Childhood Kitchens

By Beck

My grandma – the one who is now, my kids will tell you, in Heaven – was a magically good cook. Even now, I sometimes dream about her food, supernaturally good and the sorts of things that I wanted the most as a child: layer cakes, salads frothy with marshmallows, creamy mashed potatoes, fudge cooling in the cold room. Even the many china mugs of tea I drank – nearly ivory with Carnation – were good in a way that my mugs of Red Rose tea now can never be.

Her secret, of course, was that she was liberal in her use of MSG. Bet you thought there was going to be a more poetic answer, eh?

My parents had a bird in a cage when I was a teenager. He would whistle The British Grenadiers and smelled vile. He lived in a corner of the kitchen and spent his days admiring himself in his mirror and hissing at anyone who came too close.

My other grandparents had a very very old phone in their kitchen, a wooden box that sat on the wall with a dial and a small trumpet that you held to your ear. They were on a party line and if you were very lucky, you could quietly hold the trumpet to your ear and hear all of their neighbour’s business, although you were not supposed to do that.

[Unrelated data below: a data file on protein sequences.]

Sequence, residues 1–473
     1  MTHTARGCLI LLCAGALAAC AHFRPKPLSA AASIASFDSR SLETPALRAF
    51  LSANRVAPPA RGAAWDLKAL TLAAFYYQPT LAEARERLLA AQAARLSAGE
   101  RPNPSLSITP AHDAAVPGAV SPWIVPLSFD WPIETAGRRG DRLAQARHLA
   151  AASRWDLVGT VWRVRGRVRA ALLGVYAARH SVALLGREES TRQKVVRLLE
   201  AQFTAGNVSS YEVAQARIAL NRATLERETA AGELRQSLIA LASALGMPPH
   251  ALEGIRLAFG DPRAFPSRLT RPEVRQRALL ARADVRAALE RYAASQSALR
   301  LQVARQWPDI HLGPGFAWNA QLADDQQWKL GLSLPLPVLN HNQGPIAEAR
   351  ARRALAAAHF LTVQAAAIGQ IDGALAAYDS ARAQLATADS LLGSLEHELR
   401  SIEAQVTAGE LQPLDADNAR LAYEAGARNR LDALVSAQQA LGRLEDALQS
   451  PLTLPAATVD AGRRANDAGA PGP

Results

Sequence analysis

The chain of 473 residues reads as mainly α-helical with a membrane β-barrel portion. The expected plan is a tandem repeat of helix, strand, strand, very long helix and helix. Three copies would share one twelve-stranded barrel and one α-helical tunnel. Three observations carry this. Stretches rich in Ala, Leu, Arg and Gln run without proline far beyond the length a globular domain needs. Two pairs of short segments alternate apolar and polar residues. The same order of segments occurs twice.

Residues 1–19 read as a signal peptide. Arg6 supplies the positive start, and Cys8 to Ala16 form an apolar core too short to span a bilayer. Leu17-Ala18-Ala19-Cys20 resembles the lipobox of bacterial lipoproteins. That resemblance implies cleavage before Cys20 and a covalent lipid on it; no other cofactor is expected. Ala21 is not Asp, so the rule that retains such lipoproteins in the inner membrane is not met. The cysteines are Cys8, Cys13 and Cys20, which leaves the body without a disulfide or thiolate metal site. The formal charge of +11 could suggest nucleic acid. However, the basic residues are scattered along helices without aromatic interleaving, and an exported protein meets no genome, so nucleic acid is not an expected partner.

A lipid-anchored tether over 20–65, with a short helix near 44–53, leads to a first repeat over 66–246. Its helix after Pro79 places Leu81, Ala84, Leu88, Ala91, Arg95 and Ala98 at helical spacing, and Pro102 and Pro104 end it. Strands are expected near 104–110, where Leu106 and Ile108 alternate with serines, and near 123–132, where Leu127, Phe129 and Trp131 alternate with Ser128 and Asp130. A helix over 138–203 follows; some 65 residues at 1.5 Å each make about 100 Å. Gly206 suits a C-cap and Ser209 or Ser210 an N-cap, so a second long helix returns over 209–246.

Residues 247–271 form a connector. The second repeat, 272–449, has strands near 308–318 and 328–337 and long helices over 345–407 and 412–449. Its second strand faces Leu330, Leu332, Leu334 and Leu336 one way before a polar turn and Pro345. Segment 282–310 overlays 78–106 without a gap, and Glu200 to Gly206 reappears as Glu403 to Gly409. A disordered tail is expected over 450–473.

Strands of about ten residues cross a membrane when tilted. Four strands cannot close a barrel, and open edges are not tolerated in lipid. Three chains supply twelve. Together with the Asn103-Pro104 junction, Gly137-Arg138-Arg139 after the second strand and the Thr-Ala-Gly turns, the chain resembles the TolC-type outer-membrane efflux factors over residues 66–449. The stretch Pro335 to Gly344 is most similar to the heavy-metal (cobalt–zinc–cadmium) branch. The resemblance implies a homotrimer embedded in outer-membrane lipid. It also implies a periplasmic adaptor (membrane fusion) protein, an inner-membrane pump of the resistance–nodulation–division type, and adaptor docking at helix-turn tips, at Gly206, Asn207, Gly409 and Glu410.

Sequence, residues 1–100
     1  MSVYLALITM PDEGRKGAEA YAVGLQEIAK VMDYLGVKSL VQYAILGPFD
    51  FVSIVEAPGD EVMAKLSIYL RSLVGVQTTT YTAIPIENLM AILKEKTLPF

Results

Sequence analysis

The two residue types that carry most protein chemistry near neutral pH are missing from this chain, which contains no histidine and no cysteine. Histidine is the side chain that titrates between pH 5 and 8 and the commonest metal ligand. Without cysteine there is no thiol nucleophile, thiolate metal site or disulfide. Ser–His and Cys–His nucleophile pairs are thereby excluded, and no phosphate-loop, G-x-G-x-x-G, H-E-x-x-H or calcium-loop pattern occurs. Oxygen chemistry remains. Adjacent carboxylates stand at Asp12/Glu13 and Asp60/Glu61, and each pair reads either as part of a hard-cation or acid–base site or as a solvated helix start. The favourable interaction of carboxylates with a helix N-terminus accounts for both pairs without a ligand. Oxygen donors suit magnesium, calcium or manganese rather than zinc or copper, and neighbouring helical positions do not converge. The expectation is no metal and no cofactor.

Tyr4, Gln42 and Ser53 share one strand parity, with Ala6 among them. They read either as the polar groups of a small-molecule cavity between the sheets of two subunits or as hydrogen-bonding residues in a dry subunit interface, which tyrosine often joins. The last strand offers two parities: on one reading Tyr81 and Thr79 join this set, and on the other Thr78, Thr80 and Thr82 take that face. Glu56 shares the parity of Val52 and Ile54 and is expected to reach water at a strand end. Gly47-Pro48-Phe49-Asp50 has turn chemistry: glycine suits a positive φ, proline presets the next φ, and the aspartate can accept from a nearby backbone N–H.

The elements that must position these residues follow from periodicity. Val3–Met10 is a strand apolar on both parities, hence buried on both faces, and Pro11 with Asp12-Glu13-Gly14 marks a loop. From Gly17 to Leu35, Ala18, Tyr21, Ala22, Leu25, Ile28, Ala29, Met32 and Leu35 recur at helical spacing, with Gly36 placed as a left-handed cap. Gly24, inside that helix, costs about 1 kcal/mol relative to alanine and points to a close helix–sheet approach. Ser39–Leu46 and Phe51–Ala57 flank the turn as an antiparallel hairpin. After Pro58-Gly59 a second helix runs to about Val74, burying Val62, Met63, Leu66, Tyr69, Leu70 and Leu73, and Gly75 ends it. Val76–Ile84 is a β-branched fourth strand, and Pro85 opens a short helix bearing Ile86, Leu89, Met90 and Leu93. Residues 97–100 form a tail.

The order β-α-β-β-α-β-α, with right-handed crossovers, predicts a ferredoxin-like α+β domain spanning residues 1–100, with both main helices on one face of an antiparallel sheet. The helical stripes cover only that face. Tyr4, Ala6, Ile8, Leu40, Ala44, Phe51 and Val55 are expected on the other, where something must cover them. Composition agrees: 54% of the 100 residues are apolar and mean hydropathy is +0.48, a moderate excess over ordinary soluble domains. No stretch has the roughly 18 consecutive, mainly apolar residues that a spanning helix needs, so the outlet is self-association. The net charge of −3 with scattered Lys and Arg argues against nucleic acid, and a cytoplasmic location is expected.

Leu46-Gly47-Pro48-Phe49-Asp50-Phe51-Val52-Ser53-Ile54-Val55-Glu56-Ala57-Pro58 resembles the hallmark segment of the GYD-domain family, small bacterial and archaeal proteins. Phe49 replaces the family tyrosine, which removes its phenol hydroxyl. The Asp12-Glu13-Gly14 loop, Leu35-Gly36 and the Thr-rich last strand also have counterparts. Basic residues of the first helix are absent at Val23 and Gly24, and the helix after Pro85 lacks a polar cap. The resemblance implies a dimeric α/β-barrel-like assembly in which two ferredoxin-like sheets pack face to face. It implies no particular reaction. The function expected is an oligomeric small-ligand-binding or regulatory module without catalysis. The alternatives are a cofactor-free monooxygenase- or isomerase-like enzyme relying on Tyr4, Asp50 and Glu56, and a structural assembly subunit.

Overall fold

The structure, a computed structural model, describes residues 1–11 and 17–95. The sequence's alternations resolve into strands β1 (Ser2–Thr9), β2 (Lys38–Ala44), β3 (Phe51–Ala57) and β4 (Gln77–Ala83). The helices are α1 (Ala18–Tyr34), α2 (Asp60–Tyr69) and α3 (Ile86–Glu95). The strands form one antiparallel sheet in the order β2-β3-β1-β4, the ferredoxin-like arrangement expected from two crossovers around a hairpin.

My kids’ other grandparents – my in-laws – have a camp and on their camp is a teeny, amusing little house with lofts for sleeping and a wee little kitchen and my kids LOVE that place, of course. But they barely remember it from one visit to the next, and yet they have long conversations about the wooden Tee game at the small restaurant we go to on visits. And my mother finds my remembering the wooden phone and the jar of Ac’cent equall mystifying, that out of everything I could have remembered from my childhood, THAT is what I chose.

Tell me a story, my son asked me while we were both so sick. And so I told him about my now-gone Grandmother’s writing desk, and how she kept bins of wind-up toys on the bottom shelf for our pleasure and boxes of dollhouse furniture to be lined up and his feverish eyes got big. He wished she still lived there, he said, and I was taken again with the vividness of childhood memories and my own bemused wondering of what my own children will tell their own children, someday long from now.

16 Responses to Childhood Kitchens
  1. Antique Mommy
    August 13, 2009 | 4:47 pm